US Jobs Market Remains Under Stress

This supply demand mismatch was underscored by last week’s JOLTS data (Job openings and labor turnover statistics), which showed there were a record 8.123mn job openings yet only 6mn hires – a huge difference.

NFIB - proportion of companies with vacancies that they are unable to fill (1975-2021)

(Click on image to enlarge)

Source: Macrobond, ING

Supply constraints set to persist

The biggest problem in the jobs market does appear to be the lack of supply of workers, which can be attributed to 4 key areas:

  1. Not all schools have returned to in person tuition, meaning many parents that would be going out to work are having to stay home to look after children
  2. Some workers remain nervous about returning to work given the pandemic is not yet over
  3. Some older workers who lost their job may have opted for early retirement
  4. Expanded and uprated unemployment benefits may diminish the attractiveness of seeking work – especially when factoring the cost of commuting and/or childcare

At least two of these four factors should ease in the coming months. Schools will likely re-open fully in September allowing parents to return to work while 21 states have already opted out of the extended unemployment program, meaning payments will soon end. In any case, this program will end in September, which means the loss of the additional $300 weekly Federal payment for all recipients.

We remain hopeful that the rollout of the vaccine program will remain successful and the concerns some workers have will ease, thereby bringing them back into the workforce. We are less optimistic that people who have opted for early retirement will return.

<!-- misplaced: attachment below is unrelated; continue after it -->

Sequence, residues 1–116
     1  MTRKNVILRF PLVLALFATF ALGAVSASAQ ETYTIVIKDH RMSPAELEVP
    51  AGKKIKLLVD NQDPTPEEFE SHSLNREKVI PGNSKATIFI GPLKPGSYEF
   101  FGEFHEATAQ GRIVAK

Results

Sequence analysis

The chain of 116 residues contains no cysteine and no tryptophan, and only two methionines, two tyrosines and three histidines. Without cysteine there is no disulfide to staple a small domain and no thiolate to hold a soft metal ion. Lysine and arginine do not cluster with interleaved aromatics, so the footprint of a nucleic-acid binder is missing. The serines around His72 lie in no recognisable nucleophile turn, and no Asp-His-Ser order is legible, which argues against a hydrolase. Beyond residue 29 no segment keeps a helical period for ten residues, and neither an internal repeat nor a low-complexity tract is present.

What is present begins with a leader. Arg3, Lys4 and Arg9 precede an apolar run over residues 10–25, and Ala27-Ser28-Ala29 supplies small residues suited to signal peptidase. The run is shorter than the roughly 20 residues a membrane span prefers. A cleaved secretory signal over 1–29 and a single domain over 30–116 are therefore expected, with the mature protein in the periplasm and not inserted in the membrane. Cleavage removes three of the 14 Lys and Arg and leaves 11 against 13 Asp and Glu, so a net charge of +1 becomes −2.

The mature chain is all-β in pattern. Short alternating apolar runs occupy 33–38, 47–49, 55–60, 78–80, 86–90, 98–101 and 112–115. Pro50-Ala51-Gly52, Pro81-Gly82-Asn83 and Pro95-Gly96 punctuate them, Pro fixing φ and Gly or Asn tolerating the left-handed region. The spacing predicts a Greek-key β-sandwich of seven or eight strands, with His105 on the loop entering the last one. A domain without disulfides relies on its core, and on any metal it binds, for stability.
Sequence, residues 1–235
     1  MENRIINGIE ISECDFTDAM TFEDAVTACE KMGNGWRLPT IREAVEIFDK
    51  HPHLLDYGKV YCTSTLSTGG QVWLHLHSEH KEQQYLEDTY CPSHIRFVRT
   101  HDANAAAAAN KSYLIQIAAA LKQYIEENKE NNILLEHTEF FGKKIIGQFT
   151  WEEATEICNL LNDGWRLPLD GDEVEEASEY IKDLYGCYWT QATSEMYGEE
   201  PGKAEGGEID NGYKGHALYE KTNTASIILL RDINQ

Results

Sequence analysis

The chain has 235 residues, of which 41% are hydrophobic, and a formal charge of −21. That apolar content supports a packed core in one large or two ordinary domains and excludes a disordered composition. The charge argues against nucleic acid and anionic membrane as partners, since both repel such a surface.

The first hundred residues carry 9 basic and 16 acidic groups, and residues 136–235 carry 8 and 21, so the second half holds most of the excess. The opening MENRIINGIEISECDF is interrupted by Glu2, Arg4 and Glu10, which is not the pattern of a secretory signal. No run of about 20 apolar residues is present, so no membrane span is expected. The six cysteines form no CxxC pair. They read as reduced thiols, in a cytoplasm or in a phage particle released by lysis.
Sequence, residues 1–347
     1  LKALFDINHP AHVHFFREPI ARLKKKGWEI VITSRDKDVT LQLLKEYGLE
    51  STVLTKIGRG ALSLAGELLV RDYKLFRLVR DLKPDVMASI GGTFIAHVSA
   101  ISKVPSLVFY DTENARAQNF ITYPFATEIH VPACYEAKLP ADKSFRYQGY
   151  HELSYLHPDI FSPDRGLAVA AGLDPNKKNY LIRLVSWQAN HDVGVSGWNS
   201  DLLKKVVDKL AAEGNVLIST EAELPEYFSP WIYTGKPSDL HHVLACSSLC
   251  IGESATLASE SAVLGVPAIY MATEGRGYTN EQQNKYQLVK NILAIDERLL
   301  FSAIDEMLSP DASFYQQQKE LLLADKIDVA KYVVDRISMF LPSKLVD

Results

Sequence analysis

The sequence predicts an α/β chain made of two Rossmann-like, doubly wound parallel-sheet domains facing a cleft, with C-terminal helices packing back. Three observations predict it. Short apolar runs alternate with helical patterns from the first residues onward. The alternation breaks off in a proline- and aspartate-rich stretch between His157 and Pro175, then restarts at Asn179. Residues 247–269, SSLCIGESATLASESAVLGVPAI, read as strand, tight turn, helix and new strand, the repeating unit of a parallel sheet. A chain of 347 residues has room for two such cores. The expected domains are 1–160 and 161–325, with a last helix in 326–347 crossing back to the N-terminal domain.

Employment costs to rise further

Nonetheless, this still means we are going to have perhaps three or four months where the labor supply issue remains a major constraint as companies look to re-open and expand. The competition for workers will remain strong with companies having to pay more to both attract and retain the staff they currently have. A good indicator to watch here is the “quit rate” – the proportion of the workforce leaving their current role to work elsewhere. We expect it to rise to a new all-time high versus the current 2.4% figure (currently matching its all-time high).

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Disclaimer: This publication has been prepared by the Economic and Financial Analysis Division of ING Bank N.V. (“ING”) solely for information purposes without regard to any ...

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